Wind industry to approach DMRE with pitch for unlocking domestic value-chains from $8bn roll-out

8th October 2021 By: Terence Creamer - Creamer Media Editor

Wind industry to approach DMRE with pitch for unlocking domestic value-chains from $8bn roll-out

Domestic supply chain to be stretched as some 800 turbines are manufactured, transported, and installed over the coming three years

The domestic wind industry plans to approach the Department of Mineral Resources and Energy (DMRE) with a series of recommendations for boosting local content and direct South African involvement in the deployment of 4 300 MW of new wind capacity over the coming three years.

The proposals focus primarily on embedding greater predictability and flexibility into the procurement rounds, which resumed this year following a seven-year disruption – a pause that resulted in some aspects of the domestic supply-chain, built between 2011 and 2014, being lost.

BTE Renewables CEO Robert Skjodt has been given responsibility for compiling the recommendations after he moderated a panel discussion with independent power producers (IPPs) and original equipment suppliers during the 2021 edition of Windaba, which took place in Cape Town this week.

Skjodt tells Engineering News that the industry is not concerned about meeting the 40% local-content threshold prescribed for the fifth bid window (BW5) of the Renewable Energy Independent Power Producer Procurement Programme (REIPPPP), which is currently being adjudicated.

It is also confident of the 49% black ownership threshold being met, despite the $8-billion capital expenditure involved.

However, the 24-month build timetable prescribed by the IPP Office is set to stretch the domestic supply chain to its limits as some 800 turbines are manufactured, transported and installed over the period.

Skjodt says IPPs will have more scope to integrate new entrants and small businesses into the programme if the schedule is extended.

The industry will, thus, propose that the delivery schedule be increased to 36 months to ease the bottlenecks and to create the time and space required for new entrants to invest and ramp up.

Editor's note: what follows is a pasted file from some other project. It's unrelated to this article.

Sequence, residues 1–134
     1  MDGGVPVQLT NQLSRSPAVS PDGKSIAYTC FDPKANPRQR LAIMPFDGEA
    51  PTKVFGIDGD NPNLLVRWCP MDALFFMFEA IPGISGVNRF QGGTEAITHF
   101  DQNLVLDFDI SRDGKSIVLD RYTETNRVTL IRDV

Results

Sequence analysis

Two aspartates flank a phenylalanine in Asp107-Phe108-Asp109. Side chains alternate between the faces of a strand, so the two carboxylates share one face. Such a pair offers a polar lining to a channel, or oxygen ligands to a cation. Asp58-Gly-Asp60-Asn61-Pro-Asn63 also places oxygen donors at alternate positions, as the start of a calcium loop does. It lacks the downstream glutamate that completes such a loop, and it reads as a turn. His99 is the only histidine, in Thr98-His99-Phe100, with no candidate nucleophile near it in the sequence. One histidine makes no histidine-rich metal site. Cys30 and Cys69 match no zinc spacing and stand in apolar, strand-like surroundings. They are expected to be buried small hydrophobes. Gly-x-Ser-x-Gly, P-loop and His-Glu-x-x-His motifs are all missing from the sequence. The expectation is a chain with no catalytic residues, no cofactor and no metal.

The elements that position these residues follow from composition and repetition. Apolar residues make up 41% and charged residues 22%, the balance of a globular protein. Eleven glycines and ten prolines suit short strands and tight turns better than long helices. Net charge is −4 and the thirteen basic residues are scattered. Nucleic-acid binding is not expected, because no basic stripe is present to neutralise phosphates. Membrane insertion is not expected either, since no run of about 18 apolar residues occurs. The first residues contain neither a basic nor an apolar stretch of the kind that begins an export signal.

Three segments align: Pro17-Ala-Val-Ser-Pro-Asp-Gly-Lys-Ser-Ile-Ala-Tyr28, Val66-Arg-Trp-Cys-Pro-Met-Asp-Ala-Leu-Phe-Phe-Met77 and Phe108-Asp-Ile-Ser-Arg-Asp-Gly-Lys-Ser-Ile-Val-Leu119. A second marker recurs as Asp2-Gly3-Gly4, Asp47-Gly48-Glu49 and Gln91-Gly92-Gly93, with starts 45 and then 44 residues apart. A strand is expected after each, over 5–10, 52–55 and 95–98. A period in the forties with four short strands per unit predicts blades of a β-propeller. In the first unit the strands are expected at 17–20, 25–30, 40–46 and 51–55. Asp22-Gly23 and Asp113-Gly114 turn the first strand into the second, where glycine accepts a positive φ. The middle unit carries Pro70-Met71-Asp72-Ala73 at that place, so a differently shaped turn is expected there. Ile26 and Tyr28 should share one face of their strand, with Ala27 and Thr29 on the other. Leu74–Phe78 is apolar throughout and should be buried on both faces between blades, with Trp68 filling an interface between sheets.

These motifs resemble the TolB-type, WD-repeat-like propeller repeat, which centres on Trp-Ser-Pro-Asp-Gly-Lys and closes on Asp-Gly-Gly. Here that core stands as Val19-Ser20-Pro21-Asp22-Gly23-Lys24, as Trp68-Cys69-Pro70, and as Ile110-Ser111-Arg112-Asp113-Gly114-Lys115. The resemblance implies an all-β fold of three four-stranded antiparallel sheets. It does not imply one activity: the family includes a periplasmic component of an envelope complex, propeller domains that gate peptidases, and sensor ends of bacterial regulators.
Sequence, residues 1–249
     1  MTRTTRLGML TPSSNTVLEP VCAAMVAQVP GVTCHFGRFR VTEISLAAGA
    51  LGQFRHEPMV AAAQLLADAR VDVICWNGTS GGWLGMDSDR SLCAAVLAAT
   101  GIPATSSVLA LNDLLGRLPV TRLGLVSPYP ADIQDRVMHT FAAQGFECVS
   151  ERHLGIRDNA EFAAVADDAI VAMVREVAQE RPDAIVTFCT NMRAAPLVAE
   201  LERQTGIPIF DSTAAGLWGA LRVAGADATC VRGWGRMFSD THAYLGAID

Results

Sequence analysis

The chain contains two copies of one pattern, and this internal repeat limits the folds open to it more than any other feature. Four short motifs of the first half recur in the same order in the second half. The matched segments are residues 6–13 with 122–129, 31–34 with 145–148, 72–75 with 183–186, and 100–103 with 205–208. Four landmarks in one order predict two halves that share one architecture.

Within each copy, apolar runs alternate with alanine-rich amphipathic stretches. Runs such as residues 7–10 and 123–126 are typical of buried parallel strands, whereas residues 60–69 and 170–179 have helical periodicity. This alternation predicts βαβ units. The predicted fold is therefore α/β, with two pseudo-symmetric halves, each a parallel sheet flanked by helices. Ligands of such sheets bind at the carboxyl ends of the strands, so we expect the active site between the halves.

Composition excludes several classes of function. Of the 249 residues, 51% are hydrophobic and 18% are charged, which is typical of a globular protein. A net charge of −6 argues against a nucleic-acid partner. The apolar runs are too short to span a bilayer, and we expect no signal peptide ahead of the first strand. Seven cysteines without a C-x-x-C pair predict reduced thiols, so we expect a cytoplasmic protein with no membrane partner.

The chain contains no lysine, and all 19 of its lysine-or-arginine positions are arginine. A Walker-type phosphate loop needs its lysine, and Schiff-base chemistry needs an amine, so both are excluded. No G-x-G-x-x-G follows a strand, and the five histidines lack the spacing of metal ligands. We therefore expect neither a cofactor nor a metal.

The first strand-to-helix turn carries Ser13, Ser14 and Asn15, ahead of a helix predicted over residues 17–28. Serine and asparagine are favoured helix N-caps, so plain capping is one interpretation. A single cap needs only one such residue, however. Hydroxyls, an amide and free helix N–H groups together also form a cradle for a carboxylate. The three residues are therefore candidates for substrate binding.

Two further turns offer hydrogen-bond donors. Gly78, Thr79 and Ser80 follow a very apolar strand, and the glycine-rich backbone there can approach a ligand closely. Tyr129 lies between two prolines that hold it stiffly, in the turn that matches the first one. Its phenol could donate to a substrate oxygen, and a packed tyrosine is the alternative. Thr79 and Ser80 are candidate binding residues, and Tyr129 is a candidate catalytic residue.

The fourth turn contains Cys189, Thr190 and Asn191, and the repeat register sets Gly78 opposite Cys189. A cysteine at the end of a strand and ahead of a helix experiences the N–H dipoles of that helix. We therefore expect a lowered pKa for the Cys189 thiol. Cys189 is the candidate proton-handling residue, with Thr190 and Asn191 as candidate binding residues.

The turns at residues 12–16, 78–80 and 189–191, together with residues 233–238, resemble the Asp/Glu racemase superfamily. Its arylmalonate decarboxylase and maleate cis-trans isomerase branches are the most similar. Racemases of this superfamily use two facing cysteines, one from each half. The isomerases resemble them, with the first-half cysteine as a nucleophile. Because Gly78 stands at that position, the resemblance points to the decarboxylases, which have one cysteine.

To create the certainty required for new investment in the supply chain, the industry will also request the DMRE to consider announcing fixed dates for future bid windows.

“Having greater predictability would improve prospects tremendously for companies and entrepreneurs seeking to raise finance for the investments required to position themselves for a role in the industry,” Skjodt argues.

While the resumption of the REIPPPP has been widely welcomed, there has already been some schedule slippage with preferred BW5 bidders yet to be named, despite earlier indication by the DMRE that BW6 would be launched before the end of September.

Following the BW5 submission closing date of August 16, the DMRE confirmed that it had received 39 onshore wind bids, suggesting significant over-subscription in light of the fact that only 1 600 MW had been allocated to the round.

Besides the recommendations on how to boost domestic participation and benefits from the REIPPPP, the industry is keen to engage with the DMRE and the IPP Office on how best to overcome the immediate grid-capacity constraints.

Although it would be too soon to introduce regional allocations, aligned with grid capacity, for BW6, Skjodt says that it would make sense to add a spatial component in future.

However, he also believes that IPPs could provide some innovative solutions for extracting additional capacity in provinces such as the Northern Cape, where the network is said to be at full capacity, as well as the Western Cape, which is approaching its capacity limits.

“Ultimately, we would like to engage with the DMRE and the IPP Office to find solutions that are favourable for the industry and its role in supporting the just transition through supporting domestic enterprise development and higher job creation.”